Two new publications highlight cumulative effects of land use on Alberta’s boreal mammals

Two new papers have recently been published by Cole and colleagues that highlight the varied effects of anthropogenic disturbances on larger mammals in Alberta’s boreal forests.

Mary Toews published one of her M.Sc. thesis chapters in the Journal of Environmental Management (Toews, M. F. Juanes and A.C. Burton.  2018. Mammal responses to the human footprint vary across species and stressors. J Environ Manage 217:690-699) . This work used a large dataset of snowtrack surveys from the Alberta Biodiversity Monitoring Institute and highlighted that species respond differently to different types of land use, and differently from each other, but that the total amount of disturbance (“footprint”) could be used as a coarse index of overall impact.

And Cole collaborated with Jason Fisher (UVic and Innotech Alberta) on a paper published in Frontiers in Ecology and the Environment (Fisher, J.T and A.C. Burton.  2018. Wildlife winners and losers in an oil sands landscape. In press at Frontiers in Ecology and the Environment). This research used 3 years of camera trap data from one part of Alberta’s oil sands region to show that anthropogenic disturbances have at least as much effect on mammal distributions as natural habitat features, with some species positively associated with disturbance and others negatively.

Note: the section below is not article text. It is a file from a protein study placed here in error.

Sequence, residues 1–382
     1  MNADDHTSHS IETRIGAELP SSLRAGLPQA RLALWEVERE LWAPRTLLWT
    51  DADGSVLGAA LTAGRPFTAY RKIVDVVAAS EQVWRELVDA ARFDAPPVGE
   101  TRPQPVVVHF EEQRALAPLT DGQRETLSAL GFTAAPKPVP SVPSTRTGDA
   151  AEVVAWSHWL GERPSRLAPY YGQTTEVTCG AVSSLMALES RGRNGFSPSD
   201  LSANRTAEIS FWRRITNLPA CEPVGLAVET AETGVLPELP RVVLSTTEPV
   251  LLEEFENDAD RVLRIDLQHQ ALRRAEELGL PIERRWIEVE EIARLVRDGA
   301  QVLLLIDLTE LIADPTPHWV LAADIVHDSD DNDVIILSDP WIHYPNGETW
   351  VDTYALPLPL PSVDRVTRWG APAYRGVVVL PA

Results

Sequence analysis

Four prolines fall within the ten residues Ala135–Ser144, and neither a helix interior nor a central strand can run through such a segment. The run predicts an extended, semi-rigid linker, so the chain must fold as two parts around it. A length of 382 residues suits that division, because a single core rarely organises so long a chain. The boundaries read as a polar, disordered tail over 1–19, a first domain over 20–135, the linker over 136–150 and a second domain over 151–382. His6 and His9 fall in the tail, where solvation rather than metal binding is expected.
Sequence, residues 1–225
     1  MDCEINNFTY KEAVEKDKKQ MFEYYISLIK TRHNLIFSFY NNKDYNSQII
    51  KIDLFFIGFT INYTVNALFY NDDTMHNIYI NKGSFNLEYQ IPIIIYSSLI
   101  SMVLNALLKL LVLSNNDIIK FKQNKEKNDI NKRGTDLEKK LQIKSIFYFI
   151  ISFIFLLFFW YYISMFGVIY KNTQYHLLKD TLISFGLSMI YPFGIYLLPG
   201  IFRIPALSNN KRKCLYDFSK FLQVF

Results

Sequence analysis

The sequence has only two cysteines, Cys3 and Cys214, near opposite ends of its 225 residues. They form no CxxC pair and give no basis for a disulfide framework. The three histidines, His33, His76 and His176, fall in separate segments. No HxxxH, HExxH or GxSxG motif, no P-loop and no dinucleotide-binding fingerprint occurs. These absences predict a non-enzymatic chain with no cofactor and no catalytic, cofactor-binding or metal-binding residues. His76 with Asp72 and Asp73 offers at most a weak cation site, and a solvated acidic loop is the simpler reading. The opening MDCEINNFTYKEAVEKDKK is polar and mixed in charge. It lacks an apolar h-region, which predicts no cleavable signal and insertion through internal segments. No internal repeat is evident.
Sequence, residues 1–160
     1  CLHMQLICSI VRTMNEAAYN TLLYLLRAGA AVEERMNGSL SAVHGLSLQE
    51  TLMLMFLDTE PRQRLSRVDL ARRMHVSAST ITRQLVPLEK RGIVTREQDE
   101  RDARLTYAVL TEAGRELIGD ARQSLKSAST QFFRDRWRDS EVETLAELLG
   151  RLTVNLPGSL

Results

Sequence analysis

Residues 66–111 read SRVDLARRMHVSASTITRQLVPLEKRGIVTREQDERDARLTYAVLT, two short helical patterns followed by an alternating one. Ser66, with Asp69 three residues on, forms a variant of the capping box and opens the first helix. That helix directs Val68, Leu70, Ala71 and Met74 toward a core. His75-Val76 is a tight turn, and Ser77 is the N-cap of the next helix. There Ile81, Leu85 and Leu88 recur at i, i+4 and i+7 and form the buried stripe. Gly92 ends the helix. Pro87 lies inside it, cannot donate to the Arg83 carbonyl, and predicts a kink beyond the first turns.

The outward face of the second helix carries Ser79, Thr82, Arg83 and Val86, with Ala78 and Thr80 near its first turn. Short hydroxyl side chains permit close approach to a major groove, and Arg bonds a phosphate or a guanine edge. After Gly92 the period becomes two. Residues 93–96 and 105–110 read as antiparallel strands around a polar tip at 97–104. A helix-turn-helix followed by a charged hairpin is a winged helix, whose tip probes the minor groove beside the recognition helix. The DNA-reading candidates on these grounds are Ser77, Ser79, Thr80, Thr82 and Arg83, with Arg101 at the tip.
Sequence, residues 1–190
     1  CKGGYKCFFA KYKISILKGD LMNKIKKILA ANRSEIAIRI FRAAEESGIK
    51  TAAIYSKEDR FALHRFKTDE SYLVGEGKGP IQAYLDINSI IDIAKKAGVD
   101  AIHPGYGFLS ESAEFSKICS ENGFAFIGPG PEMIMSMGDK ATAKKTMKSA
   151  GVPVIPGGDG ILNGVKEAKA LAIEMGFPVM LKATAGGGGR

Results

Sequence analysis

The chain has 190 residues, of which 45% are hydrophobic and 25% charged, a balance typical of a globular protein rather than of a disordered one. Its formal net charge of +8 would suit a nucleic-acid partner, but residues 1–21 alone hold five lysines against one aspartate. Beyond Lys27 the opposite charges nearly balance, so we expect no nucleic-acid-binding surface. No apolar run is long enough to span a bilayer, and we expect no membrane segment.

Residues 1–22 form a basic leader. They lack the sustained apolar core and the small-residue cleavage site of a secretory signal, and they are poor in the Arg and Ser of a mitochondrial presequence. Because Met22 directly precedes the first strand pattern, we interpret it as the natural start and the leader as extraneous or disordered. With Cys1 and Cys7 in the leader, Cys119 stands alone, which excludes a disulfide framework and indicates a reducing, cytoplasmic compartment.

There is much more work to be done to reliably assess cumulative environmental impacts on mammals and other wildlife at appropriate spatial and temporal scales, and to inform evidence-based wildlife management. We’re looking forward to continuing this work at WildCo!